I’d be lying if I said a near-death experience had been part of the plan all along.
Lilly and I have often discussed, and often been asked, exactly what situation would be regarded as extreme enough for us to spend money. We’re both resolute: it would take a medical emergency of drastic proportions for us to part with a penny of cash. Life-on-the-line type stuff. My, how we joked. Mocking up occasions where one of us limps broken-legged ‘just a bit further’ whilst the other crafts a splint from tree branches. Laughing over the question of ‘how ill is really ill?’. Pondering what kit we would part with in order to make it easier to continue for the injured party.
We never even considered an allergic reaction.
It’s hard to admit, given the pride I put in trying to be confident and calm and collected in all situations, but this week I found myself terrified.
Really. Fucking. Scared.
My face swelled, my skin burned, my chest tightened…and tears rolled down my cheeks as a horrifying allergic reaction swept through me. I had been bitten – just once – by a fire ant.
I’ll set the scene…
Lilly and I were stood on the side of a road in Dallas, Texas: boiling hot, tired from a two mile walk with 50lb bags in the heat and humidity, frustrated by the well-meaning homeless people asking 5,000 questions, and trying to catch a ride to Waco. We were stressed.
That stress was suddenly made ten times worse for Lilly, when she started swiping ants off her feet and running to stand on the curb with me, having been stood further back on the grass.
“It burns!!” She cried, her usual ‘save every animal, big or small’ approach lost in her desperation to get rid of the biting, burning creatures. I watched her swipe her feet, concerned, until I felt a burning sensation building in my ears.
What could I say? What bad timing! Here was Lilly, expressing the pain she felt in her feet and (rightfully) expecting me to feel sympathy for her, and all I wanted to do was say ‘OH MY GOD I DON’T CARE ACTUALLY BECAUSE MY EARS HAVE STARTED INEXPLICABLY BURNING!’ What a bad friend to ‘steal her thunder’ or belittle her pain but SERIOUSLY MY EARS ARE SO INCREDIBLY PAINFUL WHAT IS HAPPENING?!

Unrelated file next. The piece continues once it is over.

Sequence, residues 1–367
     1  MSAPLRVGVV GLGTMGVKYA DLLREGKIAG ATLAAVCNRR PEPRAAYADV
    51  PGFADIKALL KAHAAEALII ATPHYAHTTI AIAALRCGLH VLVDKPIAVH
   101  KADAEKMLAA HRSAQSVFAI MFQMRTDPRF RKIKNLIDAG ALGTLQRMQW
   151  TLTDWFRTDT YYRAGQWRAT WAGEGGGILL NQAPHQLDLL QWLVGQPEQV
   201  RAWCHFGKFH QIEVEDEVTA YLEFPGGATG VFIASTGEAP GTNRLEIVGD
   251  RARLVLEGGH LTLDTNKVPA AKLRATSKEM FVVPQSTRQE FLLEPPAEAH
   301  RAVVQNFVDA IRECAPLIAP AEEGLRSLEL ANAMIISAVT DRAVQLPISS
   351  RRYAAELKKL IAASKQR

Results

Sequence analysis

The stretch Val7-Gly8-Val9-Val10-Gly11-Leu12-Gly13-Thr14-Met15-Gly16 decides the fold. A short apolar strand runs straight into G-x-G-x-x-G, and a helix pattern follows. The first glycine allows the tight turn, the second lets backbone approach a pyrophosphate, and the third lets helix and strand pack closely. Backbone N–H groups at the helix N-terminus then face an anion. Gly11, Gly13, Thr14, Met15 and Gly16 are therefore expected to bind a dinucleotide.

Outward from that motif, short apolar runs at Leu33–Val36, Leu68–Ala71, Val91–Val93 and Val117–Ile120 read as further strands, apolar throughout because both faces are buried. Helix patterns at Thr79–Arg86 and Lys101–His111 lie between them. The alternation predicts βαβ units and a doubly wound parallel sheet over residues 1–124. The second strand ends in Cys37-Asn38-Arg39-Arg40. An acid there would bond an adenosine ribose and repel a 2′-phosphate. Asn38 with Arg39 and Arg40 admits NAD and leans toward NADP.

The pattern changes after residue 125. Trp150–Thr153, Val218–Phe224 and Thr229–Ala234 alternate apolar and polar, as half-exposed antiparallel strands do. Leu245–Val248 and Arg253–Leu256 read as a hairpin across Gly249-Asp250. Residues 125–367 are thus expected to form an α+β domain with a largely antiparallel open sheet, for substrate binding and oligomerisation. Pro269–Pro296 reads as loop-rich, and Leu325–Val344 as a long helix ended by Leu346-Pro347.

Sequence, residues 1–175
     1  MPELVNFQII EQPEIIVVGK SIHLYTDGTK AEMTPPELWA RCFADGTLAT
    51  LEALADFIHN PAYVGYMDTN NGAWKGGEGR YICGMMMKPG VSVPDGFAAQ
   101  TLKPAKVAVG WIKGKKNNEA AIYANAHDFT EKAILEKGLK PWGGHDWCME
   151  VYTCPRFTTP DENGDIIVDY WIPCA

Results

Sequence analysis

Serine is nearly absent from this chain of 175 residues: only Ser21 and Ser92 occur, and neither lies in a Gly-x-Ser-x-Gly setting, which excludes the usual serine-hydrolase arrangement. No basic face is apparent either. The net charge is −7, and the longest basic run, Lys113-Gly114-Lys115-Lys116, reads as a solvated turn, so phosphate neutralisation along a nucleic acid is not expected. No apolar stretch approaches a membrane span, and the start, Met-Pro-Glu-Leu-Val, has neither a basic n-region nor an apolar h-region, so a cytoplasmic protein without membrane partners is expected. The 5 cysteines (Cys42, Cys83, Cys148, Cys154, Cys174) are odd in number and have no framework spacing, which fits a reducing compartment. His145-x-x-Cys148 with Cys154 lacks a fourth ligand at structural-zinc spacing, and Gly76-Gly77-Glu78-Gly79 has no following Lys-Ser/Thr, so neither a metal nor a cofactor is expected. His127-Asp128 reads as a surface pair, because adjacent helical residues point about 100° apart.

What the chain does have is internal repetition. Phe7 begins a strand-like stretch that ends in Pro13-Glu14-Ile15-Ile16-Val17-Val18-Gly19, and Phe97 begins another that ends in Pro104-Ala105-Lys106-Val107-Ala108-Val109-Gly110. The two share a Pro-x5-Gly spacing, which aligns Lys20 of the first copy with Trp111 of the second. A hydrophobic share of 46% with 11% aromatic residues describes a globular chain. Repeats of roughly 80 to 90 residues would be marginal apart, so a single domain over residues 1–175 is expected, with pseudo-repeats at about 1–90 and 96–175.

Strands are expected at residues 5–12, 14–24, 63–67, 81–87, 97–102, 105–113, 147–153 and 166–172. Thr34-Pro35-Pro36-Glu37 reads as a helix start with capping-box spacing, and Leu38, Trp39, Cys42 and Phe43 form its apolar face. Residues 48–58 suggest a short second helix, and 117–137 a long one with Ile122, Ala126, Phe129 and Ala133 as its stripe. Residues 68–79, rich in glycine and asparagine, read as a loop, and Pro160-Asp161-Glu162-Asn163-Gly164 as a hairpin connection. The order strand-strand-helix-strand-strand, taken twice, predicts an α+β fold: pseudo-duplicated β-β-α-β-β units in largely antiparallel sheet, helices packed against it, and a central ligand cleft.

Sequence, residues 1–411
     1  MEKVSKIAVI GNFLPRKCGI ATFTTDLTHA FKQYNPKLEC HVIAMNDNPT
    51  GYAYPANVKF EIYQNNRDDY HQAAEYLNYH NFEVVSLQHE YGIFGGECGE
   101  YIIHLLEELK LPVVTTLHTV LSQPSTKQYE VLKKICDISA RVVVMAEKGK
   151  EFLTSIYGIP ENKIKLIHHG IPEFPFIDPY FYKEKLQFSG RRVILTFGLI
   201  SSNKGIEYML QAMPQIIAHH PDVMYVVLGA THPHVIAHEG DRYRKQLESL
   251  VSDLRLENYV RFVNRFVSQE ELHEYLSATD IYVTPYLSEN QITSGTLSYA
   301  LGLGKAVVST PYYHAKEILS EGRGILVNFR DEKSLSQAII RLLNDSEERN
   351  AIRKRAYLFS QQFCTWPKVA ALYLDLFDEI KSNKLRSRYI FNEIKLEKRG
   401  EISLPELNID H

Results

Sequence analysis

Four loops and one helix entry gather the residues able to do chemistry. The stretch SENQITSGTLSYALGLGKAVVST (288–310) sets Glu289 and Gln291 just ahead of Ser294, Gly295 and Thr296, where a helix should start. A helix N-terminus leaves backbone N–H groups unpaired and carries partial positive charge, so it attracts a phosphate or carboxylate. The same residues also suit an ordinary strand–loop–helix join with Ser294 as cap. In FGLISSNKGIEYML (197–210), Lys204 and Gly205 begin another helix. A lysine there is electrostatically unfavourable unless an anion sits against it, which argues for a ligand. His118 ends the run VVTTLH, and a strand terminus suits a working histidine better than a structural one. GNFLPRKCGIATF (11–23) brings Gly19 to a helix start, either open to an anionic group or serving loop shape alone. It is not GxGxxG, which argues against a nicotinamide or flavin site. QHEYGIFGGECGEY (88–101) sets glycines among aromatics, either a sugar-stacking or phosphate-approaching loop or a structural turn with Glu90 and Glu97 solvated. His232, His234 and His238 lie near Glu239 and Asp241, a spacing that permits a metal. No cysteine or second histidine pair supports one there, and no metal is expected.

At this point I had no idea I had even been bitten. The fire-like pain that spreads from a fire ant bite had apparently been far out-gunned for me by the pain in my ears. I quickly suggested that we both take a Benadryl.
Walking over to my bag felt like walking through fog. My legs felt heavy, I felt dizzy and everything was getting hotter. Was I really that stressed by the whole situation? Was I dehydrated? Why was my skin so itchy? I knew the Benadryl was buried deep in my rucksack but a voice in my head resisted my urge to not bother.
‘Find it. Take it. Quickly.’
By the time I had swallowed I noticed a rash spreading out from my armpits. When I made it back to Lilly to ask what she thought it could be she stared at me in disbelief – the same rash was spreading up my throat and over my face. My eyes started to swell. My scalp was burning. I had to sit down.
Both Lilly and I have been raised to be extremely critical when it comes to assessing medical situations. We have extremely similar stories of appendicitis, where both of our mothers called the NHS advice number AND took us to the GP before resigning themselves to the fact it would probably warrant a trip to A&E.
To call an ambulance you’d better be beheaded. Or worse.